Aerospace & Defense Update
While the United Nations Assembly was meeting in New York, Airbus and Boeing announced that each company has received permission from the U.S. government to sell commercial aircraft to Iran. Boeing plans to sell 80 new aircraft and lease an additional 29 Boeing 737s to Iran for ~$25 billion. Airbus, on the other hand, only received approval from the U.S. Treasury on one of the two licenses it requested, allowing it to sell 17 aircraft to Iran for ~$1.8 billion, rather than the 112 aircraft requested. Airbus is hoping to receive approval for the second license making the total agreement with Airbus and Boeing worth ~$50 billion. Even though Airbus is internationally based, it was required to seek approval from the U.S. Treasury because at least 10% of the plane’s components will be manufactured in America. Many believe that the upcoming U.S. presidential election may affect the execution of the proposed sales agreement, since Republican Presidential candidate Donald Trump has threatened to revoke the recent nuclear deal with Iran which allowed for these sales to be made.
U.S. Defense Secretary Ash Carter believes the lack of cohesiveness and stability among Congressional members when negotiating budget deals are the most prominent threats to the Department of Defense (“DoD”). Last week, Carter encouraged lawmakers to work together on a defense budget deal stating that it is a national security risk not to fund the DoD requests. He stated that the inability to conduct stable planning results is an inefficient use of taxpayers’ dollars and creates inefficiencies for our defense industry partners. Senator McCain emphasized that the military is being forced to confront a myriad of global threats with insufficient budgets, equipment and readiness. Many Republicans expressed frustration over Democrats strategically blocking DoD appropriations in an attempt to force Republicans to pass non-defense spending bills. If a budget is not agreed upon by September 30th, the government is expected to institute a stopgap measure to continue operating. If the stopgap measure extends into 2017, the U.S. will not be able to fund the European Defense Initiative, which helps NATO allies deter Russian aggression. Carter also expressed concern about the inability of Congress to fund military research programs saying that it is not prudent to starve new and future oriented defense investments in a rapidly changing and competitive world.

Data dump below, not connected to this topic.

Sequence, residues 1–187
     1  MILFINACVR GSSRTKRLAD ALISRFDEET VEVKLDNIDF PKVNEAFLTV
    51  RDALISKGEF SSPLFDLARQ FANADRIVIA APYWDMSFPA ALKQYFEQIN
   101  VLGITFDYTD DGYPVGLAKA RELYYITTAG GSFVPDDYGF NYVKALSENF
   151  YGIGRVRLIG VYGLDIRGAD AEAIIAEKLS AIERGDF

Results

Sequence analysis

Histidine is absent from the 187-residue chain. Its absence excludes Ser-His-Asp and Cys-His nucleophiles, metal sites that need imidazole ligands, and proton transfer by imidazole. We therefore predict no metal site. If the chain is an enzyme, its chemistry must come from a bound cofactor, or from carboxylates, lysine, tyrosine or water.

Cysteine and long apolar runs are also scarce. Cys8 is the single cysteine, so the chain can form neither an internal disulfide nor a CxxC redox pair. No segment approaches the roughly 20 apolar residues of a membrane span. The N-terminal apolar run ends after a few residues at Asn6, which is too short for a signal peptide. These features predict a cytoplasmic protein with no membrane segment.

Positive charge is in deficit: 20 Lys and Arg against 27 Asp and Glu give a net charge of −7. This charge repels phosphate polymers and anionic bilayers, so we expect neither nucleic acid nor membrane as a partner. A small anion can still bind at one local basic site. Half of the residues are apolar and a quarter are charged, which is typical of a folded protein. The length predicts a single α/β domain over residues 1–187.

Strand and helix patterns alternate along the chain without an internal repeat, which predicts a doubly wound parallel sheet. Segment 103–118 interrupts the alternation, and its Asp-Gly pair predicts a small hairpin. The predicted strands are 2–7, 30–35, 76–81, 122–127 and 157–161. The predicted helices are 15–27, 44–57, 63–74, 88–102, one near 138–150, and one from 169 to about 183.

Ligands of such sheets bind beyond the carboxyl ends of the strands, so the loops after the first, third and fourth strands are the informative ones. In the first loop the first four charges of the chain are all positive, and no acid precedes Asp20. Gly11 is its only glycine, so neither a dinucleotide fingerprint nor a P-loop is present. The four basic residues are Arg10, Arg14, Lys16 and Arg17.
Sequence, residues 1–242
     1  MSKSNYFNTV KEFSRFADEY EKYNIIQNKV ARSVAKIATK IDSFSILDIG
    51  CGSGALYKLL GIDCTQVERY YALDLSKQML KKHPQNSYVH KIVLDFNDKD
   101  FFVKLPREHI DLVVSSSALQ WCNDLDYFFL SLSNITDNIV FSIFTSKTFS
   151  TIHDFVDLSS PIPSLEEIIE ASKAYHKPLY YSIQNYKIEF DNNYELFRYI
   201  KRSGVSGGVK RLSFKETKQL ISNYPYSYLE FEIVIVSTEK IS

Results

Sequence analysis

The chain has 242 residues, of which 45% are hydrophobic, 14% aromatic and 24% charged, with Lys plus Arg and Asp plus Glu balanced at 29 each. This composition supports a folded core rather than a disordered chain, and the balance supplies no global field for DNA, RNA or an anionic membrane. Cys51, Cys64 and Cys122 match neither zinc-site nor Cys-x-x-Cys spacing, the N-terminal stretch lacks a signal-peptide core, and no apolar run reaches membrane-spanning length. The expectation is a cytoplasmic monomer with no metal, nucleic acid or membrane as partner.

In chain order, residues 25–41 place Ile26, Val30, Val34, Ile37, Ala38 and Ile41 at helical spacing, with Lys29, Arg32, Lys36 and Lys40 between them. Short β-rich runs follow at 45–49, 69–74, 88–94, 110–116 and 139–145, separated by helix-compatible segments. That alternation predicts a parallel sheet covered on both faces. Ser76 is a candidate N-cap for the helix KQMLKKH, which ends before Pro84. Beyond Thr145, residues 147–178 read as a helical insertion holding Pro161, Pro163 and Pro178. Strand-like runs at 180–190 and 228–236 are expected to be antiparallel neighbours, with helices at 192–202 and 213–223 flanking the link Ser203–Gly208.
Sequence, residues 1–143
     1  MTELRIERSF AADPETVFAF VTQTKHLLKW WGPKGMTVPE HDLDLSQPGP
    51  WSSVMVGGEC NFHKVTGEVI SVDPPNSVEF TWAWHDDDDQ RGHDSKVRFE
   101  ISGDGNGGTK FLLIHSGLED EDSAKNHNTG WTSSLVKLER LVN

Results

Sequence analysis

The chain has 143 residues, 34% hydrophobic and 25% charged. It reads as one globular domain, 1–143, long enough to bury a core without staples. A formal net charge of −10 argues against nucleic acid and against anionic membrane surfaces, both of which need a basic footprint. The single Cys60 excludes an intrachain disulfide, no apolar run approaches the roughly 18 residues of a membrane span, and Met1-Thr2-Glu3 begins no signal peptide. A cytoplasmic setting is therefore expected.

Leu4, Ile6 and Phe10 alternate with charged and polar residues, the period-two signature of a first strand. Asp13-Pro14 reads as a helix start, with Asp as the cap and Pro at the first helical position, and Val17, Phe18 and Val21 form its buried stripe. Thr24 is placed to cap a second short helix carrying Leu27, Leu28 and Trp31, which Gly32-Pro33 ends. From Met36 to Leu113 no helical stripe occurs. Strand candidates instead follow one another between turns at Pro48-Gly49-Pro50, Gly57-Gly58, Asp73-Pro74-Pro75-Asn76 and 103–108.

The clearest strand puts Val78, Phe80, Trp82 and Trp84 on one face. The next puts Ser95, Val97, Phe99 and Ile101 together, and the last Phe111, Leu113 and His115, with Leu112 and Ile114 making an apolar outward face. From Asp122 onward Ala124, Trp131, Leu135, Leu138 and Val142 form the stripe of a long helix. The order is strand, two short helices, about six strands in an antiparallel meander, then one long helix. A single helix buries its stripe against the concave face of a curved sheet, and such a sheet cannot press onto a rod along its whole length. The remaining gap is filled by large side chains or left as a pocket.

Government Technology Solutions Update
Last Friday, two joint venture (“JV”) organizations filed motions in court with the intention of shutting down Leidos’ protest of the National Nuclear Security Administration’s (“NNSA”) decision to rescind a 10-year, $5 billion contract for the management and operation of the Nevada National Security Site. The contract was originally taken from Nevada Site Science Support and Technologies Corp. (“NVS3T”) due to NVS3T’s failure to disclose the fact that its ownership would change as a result of Leidos’ acquisition of Lockheed Martin’s Information Systems and Global Solutions business. Leidos lodged a protest on September 9th, with CEO Roger Krone stating that a clause in the NVS3T contract made a potential change of ownership known to NNSA. However, “the protest was filed under seal, shielding Leidos’ grounds for protest from the eyes of the public.” The two JVs which protested, the Northrop Grumman-led Nuclear Security and Technology LLC and the Honeywell-led Mission Support and Technologies Corp., did so in attempt to discover Leidos’ legal rationale for their protest and therefore determine their ability to pursue further legal action.
Representative Martha McSally introduced the IDENT Fingerprint Digitalization Completion Act of 2016 on Tuesday as a result of a September 16th report which revealed that the United States Customs and Immigration Service (“USCIS”) mistakenly granted citizenship to over 800 people who had actually been ordered to be deported. The mistake occurred because fingerprint databases hosted by the Department of Homeland Security (“DHS”) and the Federal Bureau of Investigation (“FBI”) were incomplete. As a result, the two systems could not be correctly matched, which resulted in people with deportation orders and fraudulent identities to successfully apply for naturalization. The report also found that close to 150,000 fingerprints of people who have been ordered to be deported have not yet been added to any digital database. The act proposed by Ms. McSally would require the DHS to create a fully digitized fingerprint record within three months if the bill were to become law.
DigitalGlobe (Up 9.8%) – Shares were up this week after DigitalGlobe announced its delivery program under the EnhancedView contract was renewed.
Oshkosh (Down 9.0%) – Shares were down this week after Oshkosh lowered its earnings expectations for 2017.